OpenStack has generated plenty of sound and fury during the past several months, and, with sincere apologies to William Shakespeare, there’s evidence to suggest the frenzied activity actually signifies something.
Precisely what it signifies, and how important OpenStack might become, is open to debate, of which there has been no shortage. OpenStack is generally depicted as an open-source cloud operating system, but that might be a generous interpretation. On the OpenStack website, the following definition is offered:
“OpenStack is a global collaboration of developers and cloud computing technologists producing the ubiquitous open source cloud computing platform for public and private clouds. The project aims to deliver solutions for all types of clouds by being simple to implement, massively scalable, and feature rich. The technology consists of a series of interrelated projects delivering various components for a cloud infrastructure solution.”
Just for fun and giggles (yes, that phrase has been modified so as not to offend reader sensibilities), let’s parse that passage, shall we? In the words of the OpenStackers themselves, their project is an open-source cloud-computing platform for public and private clouds, and it is reputedly simple to implement, massively scalable, and feature rich. Notably, it consists of a “series of interrelated projects delivering various components for a cloud infrastructure solution.”
Simple for Some
Given that description, especially the latter reference to interrelated projects spawning various components, one might wonder exactly how “simple” OpenStack is to implement and by whom. That’s a question others have raised, including David Linthicum in a recent piece at InfoWorld. In that article, Linthicum notes that undeniable vendor enthusiasm and burgeoning market momentum accrue to OpenStack — the community now has 138 member companies (and counting), including big-name players such as HP, Dell, Intel, Rackspace, Cisco, Citrix, Brocade, and others — but he also offers the following caveat:
“So should you consider OpenStack as your cloud computing solution? Not on its own. Like many open source projects, it takes a savvy software vendor, or perhaps cloud provider, to create a workable product based on OpenStack. The good news is that many providers are indeed using OpenStack as a foundation for their products, and most of those are working, or will work, just fine.”
Creating Value-Added Services
Meanwhile, taking issue with a recent InfoWorld commentary by Savio Rodrigues — who argued that OpenStack will falter while its open-source counterpart Eucalyptus will thrive — James Urquhart, formerly of Cisco and now VP of product strategy at enStratus, made this observation:
“OpenStack is not a cloud service, per se, but infrastructure automation tuned to cloud-model services, like IaaS, PaaS and SaaS. Intsall OpenStack, and you don’t get a system that can instantly bill customers, provide a service catalog, etc. That takes additional software.
What OpenStack represents is the commodity element of cloud services: the VM, object, server image and networking management components. Yeah, there is a dashboard to interact with those commodity elements, but it is not a value-add capability in-and-of itself.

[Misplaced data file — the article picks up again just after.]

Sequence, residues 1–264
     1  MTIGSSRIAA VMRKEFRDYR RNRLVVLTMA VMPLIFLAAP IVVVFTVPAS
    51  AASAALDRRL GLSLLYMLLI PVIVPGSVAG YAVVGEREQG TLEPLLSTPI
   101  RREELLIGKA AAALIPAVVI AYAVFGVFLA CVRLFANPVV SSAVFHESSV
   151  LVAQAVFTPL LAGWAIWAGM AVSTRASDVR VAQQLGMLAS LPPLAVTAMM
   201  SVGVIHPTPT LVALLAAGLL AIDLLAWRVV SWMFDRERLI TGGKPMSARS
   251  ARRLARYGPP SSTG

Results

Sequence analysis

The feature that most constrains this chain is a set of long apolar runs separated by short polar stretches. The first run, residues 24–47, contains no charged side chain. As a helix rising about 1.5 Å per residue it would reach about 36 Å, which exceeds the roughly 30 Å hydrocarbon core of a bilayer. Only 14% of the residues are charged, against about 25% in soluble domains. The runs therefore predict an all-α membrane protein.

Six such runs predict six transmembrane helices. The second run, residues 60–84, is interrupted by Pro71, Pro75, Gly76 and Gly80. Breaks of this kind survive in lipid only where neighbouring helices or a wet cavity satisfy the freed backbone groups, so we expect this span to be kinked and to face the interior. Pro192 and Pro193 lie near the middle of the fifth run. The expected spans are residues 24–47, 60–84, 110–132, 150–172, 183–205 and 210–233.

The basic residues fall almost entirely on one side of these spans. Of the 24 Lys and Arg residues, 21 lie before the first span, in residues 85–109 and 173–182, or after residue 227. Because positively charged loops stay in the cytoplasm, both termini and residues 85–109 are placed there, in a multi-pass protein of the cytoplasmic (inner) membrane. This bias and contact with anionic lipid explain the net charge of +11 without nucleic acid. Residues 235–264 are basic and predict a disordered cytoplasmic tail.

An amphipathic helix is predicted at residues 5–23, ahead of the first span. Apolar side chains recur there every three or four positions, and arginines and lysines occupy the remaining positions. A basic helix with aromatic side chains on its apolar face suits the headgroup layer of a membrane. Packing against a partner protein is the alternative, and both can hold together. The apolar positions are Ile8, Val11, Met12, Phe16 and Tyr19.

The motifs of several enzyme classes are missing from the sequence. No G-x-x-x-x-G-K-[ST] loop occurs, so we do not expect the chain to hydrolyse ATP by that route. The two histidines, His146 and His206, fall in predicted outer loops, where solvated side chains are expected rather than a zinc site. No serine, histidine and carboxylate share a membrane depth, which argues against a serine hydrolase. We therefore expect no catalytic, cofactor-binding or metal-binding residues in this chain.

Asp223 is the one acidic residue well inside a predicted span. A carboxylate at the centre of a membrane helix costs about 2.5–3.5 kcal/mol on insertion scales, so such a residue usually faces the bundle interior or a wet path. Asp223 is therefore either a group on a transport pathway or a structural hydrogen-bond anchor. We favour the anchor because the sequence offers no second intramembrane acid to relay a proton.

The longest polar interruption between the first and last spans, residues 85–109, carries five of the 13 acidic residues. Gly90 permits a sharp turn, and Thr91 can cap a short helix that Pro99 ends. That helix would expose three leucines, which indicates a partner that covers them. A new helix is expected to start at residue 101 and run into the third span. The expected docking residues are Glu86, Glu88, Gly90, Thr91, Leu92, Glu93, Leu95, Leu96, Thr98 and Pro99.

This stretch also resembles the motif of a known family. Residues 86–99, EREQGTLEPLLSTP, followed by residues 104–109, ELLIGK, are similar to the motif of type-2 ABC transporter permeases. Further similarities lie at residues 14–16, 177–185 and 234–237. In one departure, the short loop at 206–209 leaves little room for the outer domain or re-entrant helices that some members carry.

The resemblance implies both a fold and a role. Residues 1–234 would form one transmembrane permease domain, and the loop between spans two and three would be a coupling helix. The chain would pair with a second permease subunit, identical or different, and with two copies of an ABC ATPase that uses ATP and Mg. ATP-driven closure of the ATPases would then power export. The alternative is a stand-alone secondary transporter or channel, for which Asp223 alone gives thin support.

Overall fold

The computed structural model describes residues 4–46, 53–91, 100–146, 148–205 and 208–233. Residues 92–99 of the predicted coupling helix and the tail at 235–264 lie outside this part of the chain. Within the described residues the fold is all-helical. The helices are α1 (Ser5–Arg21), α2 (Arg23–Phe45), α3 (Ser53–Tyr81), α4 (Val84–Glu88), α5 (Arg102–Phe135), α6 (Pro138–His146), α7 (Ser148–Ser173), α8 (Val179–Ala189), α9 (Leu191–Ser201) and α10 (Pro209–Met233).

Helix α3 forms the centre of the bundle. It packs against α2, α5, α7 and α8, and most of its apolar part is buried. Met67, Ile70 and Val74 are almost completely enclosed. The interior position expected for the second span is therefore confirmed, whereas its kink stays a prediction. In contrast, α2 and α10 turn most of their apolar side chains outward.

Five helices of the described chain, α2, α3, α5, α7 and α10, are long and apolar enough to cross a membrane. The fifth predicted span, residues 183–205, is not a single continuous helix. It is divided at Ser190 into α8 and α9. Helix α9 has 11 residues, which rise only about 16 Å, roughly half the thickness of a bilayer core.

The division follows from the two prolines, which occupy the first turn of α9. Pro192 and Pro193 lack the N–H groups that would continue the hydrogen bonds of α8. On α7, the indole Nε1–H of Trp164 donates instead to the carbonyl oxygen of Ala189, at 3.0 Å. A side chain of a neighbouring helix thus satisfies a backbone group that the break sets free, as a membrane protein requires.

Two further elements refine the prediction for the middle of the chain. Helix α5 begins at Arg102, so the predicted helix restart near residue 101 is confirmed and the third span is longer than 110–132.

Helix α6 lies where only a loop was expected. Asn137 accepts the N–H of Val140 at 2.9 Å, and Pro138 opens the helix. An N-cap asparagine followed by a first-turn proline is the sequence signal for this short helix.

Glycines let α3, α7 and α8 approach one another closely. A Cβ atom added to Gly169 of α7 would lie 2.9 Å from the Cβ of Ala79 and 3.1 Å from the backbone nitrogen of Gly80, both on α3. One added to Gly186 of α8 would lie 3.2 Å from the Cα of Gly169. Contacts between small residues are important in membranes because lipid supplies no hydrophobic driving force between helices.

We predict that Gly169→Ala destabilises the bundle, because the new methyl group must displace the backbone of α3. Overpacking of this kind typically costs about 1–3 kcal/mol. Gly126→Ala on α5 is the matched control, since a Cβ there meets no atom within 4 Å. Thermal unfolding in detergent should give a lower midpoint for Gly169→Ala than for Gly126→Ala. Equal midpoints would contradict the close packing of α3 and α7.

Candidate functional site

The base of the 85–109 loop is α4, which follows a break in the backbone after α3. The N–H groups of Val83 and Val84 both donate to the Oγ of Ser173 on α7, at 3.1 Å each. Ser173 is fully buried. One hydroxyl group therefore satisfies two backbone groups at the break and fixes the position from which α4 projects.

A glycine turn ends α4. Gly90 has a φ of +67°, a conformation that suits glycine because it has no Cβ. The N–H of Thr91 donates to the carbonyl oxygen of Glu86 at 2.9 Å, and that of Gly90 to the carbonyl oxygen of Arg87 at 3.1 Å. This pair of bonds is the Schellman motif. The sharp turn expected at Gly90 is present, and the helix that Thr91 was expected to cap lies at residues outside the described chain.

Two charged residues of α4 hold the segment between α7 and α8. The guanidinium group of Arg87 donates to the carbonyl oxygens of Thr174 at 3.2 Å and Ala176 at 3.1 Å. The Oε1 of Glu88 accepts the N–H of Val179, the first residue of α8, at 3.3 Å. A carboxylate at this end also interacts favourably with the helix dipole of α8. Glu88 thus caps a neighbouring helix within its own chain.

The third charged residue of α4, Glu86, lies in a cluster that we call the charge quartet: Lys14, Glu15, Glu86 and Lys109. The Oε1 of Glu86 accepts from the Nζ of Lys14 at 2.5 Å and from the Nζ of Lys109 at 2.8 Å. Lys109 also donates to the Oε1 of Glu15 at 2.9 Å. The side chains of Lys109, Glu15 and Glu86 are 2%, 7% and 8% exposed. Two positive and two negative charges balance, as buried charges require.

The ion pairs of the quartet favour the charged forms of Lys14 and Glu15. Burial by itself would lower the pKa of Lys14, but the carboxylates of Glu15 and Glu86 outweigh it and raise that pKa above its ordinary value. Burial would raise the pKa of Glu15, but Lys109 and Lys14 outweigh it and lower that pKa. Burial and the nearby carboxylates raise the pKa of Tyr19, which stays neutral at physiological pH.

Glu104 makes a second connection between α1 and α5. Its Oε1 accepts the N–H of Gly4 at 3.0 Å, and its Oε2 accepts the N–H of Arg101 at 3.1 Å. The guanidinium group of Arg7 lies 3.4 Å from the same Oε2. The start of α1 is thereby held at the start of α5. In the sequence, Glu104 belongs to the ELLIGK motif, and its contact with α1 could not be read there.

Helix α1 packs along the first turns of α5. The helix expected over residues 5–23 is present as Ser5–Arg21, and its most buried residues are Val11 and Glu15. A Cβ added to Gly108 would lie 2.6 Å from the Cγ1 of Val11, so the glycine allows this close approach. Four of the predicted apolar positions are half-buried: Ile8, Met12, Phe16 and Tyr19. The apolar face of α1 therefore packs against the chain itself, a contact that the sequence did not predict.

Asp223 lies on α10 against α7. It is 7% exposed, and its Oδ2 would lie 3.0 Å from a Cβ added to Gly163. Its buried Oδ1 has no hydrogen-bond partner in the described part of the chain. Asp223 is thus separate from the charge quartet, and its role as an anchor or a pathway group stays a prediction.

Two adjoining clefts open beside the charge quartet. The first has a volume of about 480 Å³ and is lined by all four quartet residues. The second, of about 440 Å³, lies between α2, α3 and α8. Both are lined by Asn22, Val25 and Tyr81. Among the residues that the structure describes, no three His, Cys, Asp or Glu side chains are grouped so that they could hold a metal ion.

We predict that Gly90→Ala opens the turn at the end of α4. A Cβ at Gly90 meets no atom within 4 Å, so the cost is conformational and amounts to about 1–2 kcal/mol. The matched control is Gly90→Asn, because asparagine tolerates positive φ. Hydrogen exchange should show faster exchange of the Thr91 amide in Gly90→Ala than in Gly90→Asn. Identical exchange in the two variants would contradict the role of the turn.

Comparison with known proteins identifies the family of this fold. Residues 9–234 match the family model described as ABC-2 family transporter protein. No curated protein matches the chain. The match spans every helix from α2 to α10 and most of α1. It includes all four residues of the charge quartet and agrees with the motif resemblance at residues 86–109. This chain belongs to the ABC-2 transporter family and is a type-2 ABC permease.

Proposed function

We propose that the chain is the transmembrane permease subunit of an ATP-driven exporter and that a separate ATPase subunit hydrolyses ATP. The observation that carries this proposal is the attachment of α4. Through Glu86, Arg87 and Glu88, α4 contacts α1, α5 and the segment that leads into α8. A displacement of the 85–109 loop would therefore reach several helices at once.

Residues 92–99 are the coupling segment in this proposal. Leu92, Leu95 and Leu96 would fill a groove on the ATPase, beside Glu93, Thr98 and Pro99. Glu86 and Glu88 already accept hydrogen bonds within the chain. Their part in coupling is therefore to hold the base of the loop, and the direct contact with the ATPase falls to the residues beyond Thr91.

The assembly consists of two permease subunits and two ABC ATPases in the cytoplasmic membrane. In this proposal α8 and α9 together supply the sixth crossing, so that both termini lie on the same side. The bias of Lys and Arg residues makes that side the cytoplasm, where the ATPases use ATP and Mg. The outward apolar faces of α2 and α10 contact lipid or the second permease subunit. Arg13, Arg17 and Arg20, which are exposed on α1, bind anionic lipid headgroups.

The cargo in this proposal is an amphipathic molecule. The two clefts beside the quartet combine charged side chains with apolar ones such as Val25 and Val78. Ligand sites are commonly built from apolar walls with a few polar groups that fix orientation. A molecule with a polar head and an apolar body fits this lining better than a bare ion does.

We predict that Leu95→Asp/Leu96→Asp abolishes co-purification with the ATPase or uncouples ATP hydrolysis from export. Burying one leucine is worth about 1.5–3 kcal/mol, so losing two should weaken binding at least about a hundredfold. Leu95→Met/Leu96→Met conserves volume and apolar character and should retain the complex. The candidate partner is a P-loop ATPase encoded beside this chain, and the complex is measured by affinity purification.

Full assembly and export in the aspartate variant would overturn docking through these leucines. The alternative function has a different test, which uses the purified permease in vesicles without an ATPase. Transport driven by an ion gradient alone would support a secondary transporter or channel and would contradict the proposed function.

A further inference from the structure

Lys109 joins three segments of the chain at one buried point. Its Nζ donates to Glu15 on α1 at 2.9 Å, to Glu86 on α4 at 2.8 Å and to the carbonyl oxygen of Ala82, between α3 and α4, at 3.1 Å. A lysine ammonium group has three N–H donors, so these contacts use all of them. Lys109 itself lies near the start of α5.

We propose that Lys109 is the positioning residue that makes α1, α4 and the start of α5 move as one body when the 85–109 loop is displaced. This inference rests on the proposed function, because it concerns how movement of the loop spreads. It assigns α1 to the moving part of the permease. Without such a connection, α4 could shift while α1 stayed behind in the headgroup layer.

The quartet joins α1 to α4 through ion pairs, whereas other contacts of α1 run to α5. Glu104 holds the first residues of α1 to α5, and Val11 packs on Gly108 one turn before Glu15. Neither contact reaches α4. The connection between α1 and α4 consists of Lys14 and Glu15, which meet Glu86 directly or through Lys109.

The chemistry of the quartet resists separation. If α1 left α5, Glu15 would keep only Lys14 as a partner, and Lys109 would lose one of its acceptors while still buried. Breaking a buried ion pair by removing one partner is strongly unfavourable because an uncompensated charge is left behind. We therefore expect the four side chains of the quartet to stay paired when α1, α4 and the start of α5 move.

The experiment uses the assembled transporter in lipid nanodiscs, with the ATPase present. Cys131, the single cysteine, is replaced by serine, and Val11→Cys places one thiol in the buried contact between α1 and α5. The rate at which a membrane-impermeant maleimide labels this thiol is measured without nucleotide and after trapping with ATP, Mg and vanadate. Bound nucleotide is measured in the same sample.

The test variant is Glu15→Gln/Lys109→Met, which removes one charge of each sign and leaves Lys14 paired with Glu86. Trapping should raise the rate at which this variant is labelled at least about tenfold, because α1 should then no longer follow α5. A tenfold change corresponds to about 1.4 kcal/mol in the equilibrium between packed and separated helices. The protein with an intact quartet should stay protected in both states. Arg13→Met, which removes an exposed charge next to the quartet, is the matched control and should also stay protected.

What HP, Dell, Cisco, Citrix, Piston, Nebula and others are doing with OpenStack is creating value-add services on top (or within) the commodity automation. Some focus more on “being commodity”, others focus more on value-add, but they are all building on top of the core OpenStack projects.”
New Revenue Stream for Rackspace
All of which brings us, in an admittedly roundabout fashion, to Rackspace’s recent announcement of its Rackspace Cloud Private Edition, a packaged version of OpenStack components that can be used by enterprises for private-cloud deployments. This move makes sense for OpenStack on couple levels.
First off, it opens up a new revenue stream for the company. While Rackspace won’t try to make money on the OpenStack software or the reference designs — featuring a strong initial emphasis on Dell servers and Cisco networking gear for now, though bare-bones OpenCompute servers are likely to be embraced before long — it will provide value-add, revenue-generating managed services to customers of Rackspace Cloud Private Edition. These managed services will comprise installation of OpenStack updates, analysis of system issues, and assistance with specific questions relating to systems engineering. Some security-related services also will be offered. While the reference architecture and the software are available now, Rackspace’s managed services won’t be available until January.
Building a Bridge
The launch of Rackspace Cloud Private Edition is a diversification initiative for Rackspace, which hitherto has made its money by hosting and managing applications and computing services for others in its own data centers. The OpenStack bundle takes it into the realm of provided managed services in its customers’ data centers.
As mentioned above, this represents a new revenue stream for Rackspace, but it also provides a technological bridge that will allow customers who aren’t ready for multi-tenant public cloud services today to make an easy transition to Rackspace’s data centers at some future date. It’s a smart move, preventing prospective customers from moving to another platform for private cloud deployment, ensuring in the process that said customers don’t enter the orbit of another vendor’s long-term gravitational pull.
The business logic coheres. For each customer engagement, Rackspace gets a payoff today, and potentially a larger one at a later date.